With 72 full-time town employees, salary data indicates that more than 10 percent have not received raises in at least three years.
According to records provided by the town, seven employees have not received a raise for nearly three years, and one employee hasn’t seen a raise since 2011.
In July 2012, a cost of living adjustment across nearly the entire staff provided a 2 percent raise to fire captains Goley Boggs and Edmond Brantley, Fire Chief Tim Guffey, Town Manager Seth Lawless, Town Engineer Fred Boone and purchasing agent James Quick, who haven’t seen a raise since then. Lawless’ salary is set by the town council. All the other employees are paid on a scale that outlines longevity steps for every position on the town’s organizational chart.
Detective Donald Ayscue has not been eligible for a raise since 2011, because his $72,000 salary is at the top of the town’s range for police detectives, according to Human Resources Director Suzanne Yeatts.
During the fiscal year 2014-2015, the town placed a hold on some employee’s pay increases, including both merit and cost of living raises, in an effort to curb the impact of a higher-than-normal debt mainly due to Knightdale Station Park project.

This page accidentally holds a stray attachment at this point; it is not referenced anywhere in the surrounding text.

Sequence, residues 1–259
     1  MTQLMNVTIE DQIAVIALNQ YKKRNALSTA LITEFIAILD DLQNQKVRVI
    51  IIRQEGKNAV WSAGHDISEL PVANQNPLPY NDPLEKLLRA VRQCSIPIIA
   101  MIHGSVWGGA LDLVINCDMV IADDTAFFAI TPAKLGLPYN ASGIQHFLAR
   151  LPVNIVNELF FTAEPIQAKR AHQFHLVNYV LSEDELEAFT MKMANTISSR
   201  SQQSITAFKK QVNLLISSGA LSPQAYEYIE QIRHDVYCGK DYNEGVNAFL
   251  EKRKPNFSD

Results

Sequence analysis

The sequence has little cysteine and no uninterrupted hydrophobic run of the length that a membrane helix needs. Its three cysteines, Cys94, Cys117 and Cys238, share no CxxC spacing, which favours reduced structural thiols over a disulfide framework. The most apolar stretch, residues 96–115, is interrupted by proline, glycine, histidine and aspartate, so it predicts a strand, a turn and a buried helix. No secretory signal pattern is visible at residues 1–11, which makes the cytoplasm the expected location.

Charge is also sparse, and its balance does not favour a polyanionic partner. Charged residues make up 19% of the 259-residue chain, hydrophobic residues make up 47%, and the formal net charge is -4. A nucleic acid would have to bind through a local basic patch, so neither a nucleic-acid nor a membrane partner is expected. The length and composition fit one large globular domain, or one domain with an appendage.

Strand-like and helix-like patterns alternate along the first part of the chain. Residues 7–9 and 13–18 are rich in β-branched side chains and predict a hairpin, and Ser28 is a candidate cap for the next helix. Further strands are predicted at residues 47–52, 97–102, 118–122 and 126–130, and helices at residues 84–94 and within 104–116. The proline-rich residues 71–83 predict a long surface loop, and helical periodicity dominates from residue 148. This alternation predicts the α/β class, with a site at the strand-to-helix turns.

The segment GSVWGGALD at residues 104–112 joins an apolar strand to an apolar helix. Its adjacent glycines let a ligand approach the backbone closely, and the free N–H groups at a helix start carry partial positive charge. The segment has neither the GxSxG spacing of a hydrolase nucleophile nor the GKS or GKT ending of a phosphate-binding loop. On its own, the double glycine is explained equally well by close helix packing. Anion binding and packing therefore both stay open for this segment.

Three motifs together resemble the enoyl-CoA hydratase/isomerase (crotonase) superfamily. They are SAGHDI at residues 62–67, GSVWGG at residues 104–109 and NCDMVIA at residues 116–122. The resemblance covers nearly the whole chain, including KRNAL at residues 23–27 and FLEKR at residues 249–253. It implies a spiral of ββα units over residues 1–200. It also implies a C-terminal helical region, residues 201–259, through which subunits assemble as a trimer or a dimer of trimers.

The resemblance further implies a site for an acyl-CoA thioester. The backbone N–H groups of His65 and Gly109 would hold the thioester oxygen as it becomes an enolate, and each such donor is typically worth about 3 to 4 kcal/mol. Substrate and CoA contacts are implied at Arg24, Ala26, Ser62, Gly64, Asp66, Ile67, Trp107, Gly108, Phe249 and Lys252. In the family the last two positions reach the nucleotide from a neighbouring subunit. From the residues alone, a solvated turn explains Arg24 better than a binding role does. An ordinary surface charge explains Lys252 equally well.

The only salary increases kept were longevity pay for employees who have worked with the town for more than five years. Employees could also receive a salary increase if they were promoted to a higher paying position.
Jan. 2014 was the last opportunity for a merit raise.
Every two years, the town conducts a salary study, where the base salary for every position is compared to similar sized towns and adjusted to be within 5 percent of the average range. Another study is expected to be completed this fiscal year. It’s unclear whether Ayscue would benefit from the findings of the salary study.
According to Lawless, the budget he plans to propose to the town council will include money for merit raises of up to 3 percent.
Adding more positions
At the town retreat in February, the council and staff discussed the employment forecast for the next three years, including adding eight positions by fiscal year 2017-2018.
Those positions include splitting the town clerk and assistant human resources manager positions this year, which are currently combined. Most of the other positions are for public safety expansion.
Lawless said that as the town grows, those extra positions are necessary.
Mayor Russell Killen added that it stretches the town financially to catch up with growth, with an 18-month lag in growth and actual tax funds.
“Staffing towns that are growing is extraordinarily difficult,” Killen said. “It’s a good problem to have, but we have to provide services to those people before we have the tax money from the people, leaving you running pretty thin.”